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How to Use Co-located Caching

Updated: September 26, 2014

The following steps show you how to build an application that uses co-located memcached-compatible caching.

The application will look similar to the following:

Caching Hello World example

There are two main deployment topologies for caching: co-located and dedicated. Co-located roles also host other non-caching application code and services. Dedicated roles are worker roles that are used only for caching. For information about building an application that uses dedicated caching, see How to Use Dedicated Caching.

Additional information about caching in Azure is available at Azure Cache.

  1. Create a dynamic web application as documented at Creating a Hello World Application for Azure in Eclipse.

  2. Create a Azure project for your application, also as documented at Creating a Hello World Application for Azure in Eclipse.

  3. Add your Memcache client JAR to your Java build path as an external JAR library.

  4. Add your Memcache client JAR to your deployment assembly.

  5. Enable co-located caching by opening the properties for the Azure role: Expand your Azure project, right-click WorkerRole1, click Azure, and then click Caching. In the Caching properties dialog, click Enable co-located caching. Use the default values, or see Caching properties if you’d like to use other values. The following shows an example set of values:

    Caching properties

    Click OK to save your settings and close the Caching properties dialog.

  6. Modify index.jsp to use the following code:

    <%@ page import="java.net.*" %>
    <%@ page import="java.util.concurrent.*" %>
    <%@ page import="net.spy.memcached.*" %>
    <%@ page language="java" contentType="text/html; charset=ISO-8859-1"
        pageEncoding="ISO-8859-1"%>
    <!DOCTYPE html PUBLIC "-//W3C//DTD HTML 4.01 Transitional//EN" "http://www.w3.org/TR/html4/loose.dtd">
    <html>
    <head>
    <meta http-equiv="Content-Type" content="text/html; charset=ISO-8859-1">
    <title>Insert title here</title>
    </head>
    <body>
    <%
        // Retrieve the current time in milliseconds.
        long timeMillis = System.currentTimeMillis();
        // Retrieve the role instance ID.
        String currentRoleInstanceID = System.getenv("RoleInstanceID");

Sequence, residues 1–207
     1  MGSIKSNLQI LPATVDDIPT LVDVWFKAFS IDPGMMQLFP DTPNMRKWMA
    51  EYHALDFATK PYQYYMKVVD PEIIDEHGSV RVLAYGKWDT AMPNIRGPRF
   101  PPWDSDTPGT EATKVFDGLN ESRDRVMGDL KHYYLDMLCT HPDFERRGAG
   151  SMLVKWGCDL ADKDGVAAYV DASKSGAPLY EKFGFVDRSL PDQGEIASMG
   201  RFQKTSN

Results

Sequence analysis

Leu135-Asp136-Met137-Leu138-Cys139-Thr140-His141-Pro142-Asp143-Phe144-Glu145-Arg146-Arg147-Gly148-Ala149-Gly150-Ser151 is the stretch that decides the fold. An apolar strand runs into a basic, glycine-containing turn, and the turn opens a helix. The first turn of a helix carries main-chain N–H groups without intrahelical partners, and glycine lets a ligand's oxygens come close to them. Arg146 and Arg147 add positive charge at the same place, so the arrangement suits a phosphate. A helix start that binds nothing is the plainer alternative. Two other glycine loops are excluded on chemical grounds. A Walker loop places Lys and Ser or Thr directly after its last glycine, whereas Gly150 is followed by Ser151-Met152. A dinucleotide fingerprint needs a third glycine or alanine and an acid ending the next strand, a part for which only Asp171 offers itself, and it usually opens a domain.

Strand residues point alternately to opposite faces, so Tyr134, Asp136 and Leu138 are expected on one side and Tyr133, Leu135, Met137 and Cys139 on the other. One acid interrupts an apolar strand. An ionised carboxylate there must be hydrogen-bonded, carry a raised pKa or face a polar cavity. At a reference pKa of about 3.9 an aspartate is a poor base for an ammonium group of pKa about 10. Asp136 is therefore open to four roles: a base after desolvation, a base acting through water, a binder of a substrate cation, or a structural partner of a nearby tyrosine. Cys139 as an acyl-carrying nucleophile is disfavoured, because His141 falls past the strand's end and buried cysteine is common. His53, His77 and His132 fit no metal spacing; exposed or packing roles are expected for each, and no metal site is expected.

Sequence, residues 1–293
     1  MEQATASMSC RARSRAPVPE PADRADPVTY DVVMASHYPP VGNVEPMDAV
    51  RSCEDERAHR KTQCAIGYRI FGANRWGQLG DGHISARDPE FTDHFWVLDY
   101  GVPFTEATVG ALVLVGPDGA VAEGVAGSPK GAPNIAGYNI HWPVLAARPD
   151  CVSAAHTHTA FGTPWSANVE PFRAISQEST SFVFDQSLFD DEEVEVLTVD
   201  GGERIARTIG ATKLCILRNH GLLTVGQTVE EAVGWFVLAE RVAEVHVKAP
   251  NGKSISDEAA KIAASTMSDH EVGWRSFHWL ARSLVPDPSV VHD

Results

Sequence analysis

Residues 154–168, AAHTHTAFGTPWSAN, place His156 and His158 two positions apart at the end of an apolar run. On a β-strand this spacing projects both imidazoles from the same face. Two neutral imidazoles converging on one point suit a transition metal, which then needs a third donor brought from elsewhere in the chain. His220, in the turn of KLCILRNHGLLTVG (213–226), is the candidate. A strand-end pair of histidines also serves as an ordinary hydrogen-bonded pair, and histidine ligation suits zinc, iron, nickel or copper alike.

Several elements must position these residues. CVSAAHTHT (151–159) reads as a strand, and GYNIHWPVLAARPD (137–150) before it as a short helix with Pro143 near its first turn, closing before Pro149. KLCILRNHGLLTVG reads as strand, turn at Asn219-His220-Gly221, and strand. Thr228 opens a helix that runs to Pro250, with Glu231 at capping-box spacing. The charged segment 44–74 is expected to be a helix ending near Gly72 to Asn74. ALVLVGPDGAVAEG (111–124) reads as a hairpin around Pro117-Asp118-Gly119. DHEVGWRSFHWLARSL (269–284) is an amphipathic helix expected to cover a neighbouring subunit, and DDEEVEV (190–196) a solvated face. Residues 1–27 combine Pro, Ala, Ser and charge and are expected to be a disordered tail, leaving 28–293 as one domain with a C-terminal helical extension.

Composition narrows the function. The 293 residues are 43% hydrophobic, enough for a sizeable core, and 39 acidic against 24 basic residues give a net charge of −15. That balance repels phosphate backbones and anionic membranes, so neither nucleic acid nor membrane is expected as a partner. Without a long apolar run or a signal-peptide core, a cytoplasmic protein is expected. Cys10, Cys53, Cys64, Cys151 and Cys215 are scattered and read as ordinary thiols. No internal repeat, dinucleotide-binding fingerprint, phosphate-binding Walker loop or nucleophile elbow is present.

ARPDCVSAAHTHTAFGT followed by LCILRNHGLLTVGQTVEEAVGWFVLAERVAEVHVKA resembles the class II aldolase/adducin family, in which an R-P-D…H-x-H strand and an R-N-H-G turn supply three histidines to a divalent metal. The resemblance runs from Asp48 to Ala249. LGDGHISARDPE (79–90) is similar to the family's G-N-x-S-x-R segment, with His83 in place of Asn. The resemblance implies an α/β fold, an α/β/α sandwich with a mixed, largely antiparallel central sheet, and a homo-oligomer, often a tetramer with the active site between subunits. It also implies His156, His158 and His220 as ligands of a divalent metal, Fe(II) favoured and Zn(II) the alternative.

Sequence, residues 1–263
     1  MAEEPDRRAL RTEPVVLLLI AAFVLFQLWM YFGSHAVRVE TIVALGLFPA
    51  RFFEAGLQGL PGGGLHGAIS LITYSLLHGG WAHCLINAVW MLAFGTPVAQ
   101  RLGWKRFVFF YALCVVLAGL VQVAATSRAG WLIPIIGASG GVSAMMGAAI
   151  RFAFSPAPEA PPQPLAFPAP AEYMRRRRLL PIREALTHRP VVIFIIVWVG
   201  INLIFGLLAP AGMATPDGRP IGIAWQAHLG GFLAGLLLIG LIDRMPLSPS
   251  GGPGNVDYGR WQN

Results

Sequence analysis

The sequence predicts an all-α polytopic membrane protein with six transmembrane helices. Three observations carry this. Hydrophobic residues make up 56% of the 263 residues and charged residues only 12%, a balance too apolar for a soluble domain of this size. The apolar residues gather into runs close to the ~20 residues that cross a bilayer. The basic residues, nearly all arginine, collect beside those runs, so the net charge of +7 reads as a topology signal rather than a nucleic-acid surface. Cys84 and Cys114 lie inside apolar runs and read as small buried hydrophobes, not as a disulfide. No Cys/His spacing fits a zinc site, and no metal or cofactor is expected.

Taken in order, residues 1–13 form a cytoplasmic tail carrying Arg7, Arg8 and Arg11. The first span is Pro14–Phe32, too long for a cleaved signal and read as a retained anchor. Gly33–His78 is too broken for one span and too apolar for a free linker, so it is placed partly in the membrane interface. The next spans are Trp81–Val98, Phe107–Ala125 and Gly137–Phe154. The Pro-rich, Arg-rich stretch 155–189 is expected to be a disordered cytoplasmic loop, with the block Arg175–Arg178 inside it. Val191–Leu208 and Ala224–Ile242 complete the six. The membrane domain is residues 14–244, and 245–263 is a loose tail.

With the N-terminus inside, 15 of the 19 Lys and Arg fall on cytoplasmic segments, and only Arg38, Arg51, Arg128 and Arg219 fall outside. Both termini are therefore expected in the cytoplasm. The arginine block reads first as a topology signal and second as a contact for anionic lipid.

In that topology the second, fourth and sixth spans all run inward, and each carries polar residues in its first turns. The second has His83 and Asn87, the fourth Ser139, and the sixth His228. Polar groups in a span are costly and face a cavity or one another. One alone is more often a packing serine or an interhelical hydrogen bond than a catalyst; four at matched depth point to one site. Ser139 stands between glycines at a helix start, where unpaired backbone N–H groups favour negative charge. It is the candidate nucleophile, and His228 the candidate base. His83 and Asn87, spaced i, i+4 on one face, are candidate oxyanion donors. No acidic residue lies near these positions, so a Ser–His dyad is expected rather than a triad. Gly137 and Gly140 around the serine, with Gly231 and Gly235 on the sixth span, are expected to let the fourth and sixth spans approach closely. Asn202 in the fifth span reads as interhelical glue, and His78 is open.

// Create an instance of the memcached client.
        MemcachedClient c = new MemcachedClient(new InetSocketAddress("localhost_WorkerRole1", 11211));
        // Create a string based on the current time and the current role instance ID. 
        String s = timeMillis + " - " + currentRoleInstanceID;
    
        String cachedString = null;
        Future<Object> obj = null;
        String keyName = "myText";
    
        // Retrieve and display the currently cached value.
        obj = c.asyncGet(keyName);
        try
        {
        cachedString = (String)obj.get(5, TimeUnit.SECONDS);
        }
        catch (TimeoutException e)
        {
        obj.cancel(false);
        // Take other action as needed.
        }
        
        out.println("Getting from cache: myText = " + cachedString + "<p/>");
    
        // Set the cached value to the current time and role instance ID. -->
        out.println("Setting to cache: myText = " + s + "<p/>");
        
        c.set(keyName, 3600, s);
        // Retrieve and display the newly cached value.
        obj = c.asyncGet(keyName);
        try
        {
            cachedString = (String)obj.get(5, TimeUnit.SECONDS);
        }
        catch (TimeoutException e)
        {
            obj.cancel(false);
        }
        out.println("Getting from updated cache: myText = " + cachedString + "<p/>");
    %>
    </body>
    </html>
    
  7. To run in the compute emulator, in the Azure toolbar, click the Run in Azure Emulator icon. After the application is running in the compute emulator, launch the localhost URL for your application. Refresh your browser, and you can see that values are maintained in the cache.

  8. To run in Azure, first open the Caching properties dialog and select (auto) from the drop-down list in the Storage section. If in Step 5 you set the storage account name to (auto) (which is the default), your caching configuration will automatically use the same storage account as the one selected by you in the Publish to Azure dialog. Otherwise you may select a specific Azure storage account here. After you close the Caching properties dialog, within the Azure toolbar, click the Publish to Azure Cloud icon and follow the prompts to complete your deployment. After the application is running as an Azure cloud service, launch the URL for your application. Refresh your browser, and you can see that values are maintained in the cache.

    noteNote
    The (auto) setting will have the desired effect only if you publish your deployment using the Eclipse toolkit’s publish wizard. If instead you publish the .cspkg file manually using an external mechanism, such as the Azure management portal, the deployment will not function properly.

See Also

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